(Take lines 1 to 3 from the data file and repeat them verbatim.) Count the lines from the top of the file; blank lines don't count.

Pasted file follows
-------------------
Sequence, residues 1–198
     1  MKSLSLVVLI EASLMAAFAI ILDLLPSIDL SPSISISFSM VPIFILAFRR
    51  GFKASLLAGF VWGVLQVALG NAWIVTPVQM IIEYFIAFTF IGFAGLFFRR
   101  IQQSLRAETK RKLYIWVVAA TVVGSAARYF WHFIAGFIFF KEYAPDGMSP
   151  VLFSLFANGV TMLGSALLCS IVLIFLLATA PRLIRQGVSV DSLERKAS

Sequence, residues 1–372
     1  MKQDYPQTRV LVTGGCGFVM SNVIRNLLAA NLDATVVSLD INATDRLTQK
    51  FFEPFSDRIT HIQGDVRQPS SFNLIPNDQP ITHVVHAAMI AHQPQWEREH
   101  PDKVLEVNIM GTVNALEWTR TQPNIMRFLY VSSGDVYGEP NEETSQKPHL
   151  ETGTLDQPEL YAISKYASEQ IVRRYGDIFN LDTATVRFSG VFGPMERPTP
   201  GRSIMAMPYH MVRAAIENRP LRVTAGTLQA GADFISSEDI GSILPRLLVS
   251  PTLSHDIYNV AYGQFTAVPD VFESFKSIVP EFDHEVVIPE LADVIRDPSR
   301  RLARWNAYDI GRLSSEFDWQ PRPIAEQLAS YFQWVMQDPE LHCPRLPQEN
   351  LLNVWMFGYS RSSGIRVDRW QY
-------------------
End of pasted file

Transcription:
Sequence, residues 1–198
     1  MKSLSLVVLI EASLMAAFAI ILDLLPSIDL SPSISISFSM VPIFILAFRR
    51  GFKASLLAGF VWGVLQVALG NAWIVTPVQM IIEYFIAFTF IGFAGLFFRR